By David Brooks, New York Times, March 10, 2011
In a variety of books and articles, Jean M. Twenge of San Diego State University and W. Keith Campbell of the University of Georgia have collected data suggesting that American self-confidence has risen of late. College students today are much more likely to agree with statements such as “I am easy to like” than college students 30 years ago. In the 1950s, 12 percent of high school seniors said they were a “very important person.” By the ’90s, 80 percent said they believed that they were.
In short, there’s abundant evidence to suggest that we have shifted a bit from a culture that emphasized self-effacement — I’m no better than anybody else, but nobody is better than me — to a culture that emphasizes self-expansion.
Writers like Twenge point out that young people are bathed in messages telling them how special they are. Often these messages are untethered to evidence of actual merit. Over the past few decades, for example, the number of hours college students spend studying has steadily declined. Meanwhile, the average G.P.A. has steadily risen.
Some argue that today’s child-rearing and educational techniques have produced praise addicts. Roni Caryn Rabin of The Times recently reported on some research that found that college students would rather receive a compliment than eat their favorite food or have sex.
If Americans do, indeed, have a different and larger conception of the self than they did a few decades ago, I wonder if this is connected to some of the social and political problems we have observed over the past few years.
I wonder if the rise of consumption and debt is in part influenced by people’s desire to adorn their lives with the things they feel befit their station. I wonder if the rise in partisanship is influenced in part by a narcissistic sense that, “I know how the country should be run and anybody who disagrees with me is just in the way.”
Most pervasively, I wonder if there is a link between a possible magnification of self and a declining saliency of the virtues associated with citizenship.
Citizenship, after all, is built on an awareness that we are not all that special but are, instead, enmeshed in a common enterprise. Our lives are given meaning by the service we supply to the nation. I wonder if Americans are unwilling to support the sacrifices that will be required to avert fiscal catastrophe in part because they are less conscious of themselves as components of a national project.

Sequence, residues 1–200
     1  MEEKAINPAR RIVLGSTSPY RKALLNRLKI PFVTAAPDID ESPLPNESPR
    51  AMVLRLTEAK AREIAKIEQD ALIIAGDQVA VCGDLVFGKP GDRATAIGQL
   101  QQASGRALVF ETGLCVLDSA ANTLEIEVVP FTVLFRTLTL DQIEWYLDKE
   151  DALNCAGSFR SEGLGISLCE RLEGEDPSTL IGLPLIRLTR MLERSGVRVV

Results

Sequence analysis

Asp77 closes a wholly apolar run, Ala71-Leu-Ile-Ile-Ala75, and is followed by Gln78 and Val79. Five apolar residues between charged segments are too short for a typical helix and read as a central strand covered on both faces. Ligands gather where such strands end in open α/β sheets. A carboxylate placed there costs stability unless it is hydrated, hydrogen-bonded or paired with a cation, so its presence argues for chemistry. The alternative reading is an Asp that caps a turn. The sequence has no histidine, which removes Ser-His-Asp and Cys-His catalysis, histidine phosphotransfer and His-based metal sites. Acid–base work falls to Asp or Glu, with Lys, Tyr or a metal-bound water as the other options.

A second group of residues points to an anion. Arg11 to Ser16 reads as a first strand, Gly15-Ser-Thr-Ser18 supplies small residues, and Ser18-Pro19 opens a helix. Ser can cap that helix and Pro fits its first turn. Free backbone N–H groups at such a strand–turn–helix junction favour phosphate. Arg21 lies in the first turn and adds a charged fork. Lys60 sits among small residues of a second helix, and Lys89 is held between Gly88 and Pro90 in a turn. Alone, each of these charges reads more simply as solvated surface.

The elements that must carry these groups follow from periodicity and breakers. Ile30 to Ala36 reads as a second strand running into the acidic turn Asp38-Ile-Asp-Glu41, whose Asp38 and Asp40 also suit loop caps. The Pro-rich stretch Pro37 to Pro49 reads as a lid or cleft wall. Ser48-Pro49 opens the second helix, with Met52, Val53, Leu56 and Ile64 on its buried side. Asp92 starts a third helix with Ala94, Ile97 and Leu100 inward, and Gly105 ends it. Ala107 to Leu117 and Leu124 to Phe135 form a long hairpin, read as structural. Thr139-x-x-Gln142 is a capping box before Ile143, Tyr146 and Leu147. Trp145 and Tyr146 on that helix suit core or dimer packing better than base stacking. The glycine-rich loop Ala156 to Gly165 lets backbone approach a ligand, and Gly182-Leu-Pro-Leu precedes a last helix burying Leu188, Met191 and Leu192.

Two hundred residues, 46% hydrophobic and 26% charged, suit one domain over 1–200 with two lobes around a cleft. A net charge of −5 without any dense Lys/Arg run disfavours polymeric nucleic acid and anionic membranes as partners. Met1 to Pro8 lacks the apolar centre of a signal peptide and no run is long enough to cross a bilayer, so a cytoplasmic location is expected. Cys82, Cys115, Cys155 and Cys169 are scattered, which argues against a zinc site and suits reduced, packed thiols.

Perhaps the enlargement of the self has also attenuated the links between the generations. Every generation has an incentive to push costs of current spending onto future generations. But no generation has done it as freely as this one. Maybe people in the past had a visceral sense of themselves as a small piece of a larger chain across the centuries. As a result, it felt viscerally wrong to privilege the current generation over the future ones, in a way it no longer does.
It’s possible, in other words, that some of the current political problems are influenced by fundamental shifts in culture, involving things as fundamental as how we appraise ourselves. Addressing them would require a more comprehensive shift in values.
The current restraint over a no-fly zone in Libya is a sign that, at least the President and his advisers are not drowning in a magnification of the national self. And that is a good sign.
There could be an underlying paradox about this dynamic also. It could be that an expansive self is really just a mask for an unacceptable, untold and very troublesome truth: that I really do not matter at all to anyone.
Only by signing on as my own sole and best cheerleader will I even have a chance at being noticed.
And, since everyone else is doing it, as if everyone were drinking from the same cup of "star-power" to enter the same kind of "american idol" competition, regardless of the specific theatre or stage, then I must be doing the right thing. And at least it feels good while I wear the appropriate costume, and the appropriate make-up and drive the appropriate car and 'wear' the appropriate smart phone, and carrry the appropriate tablet....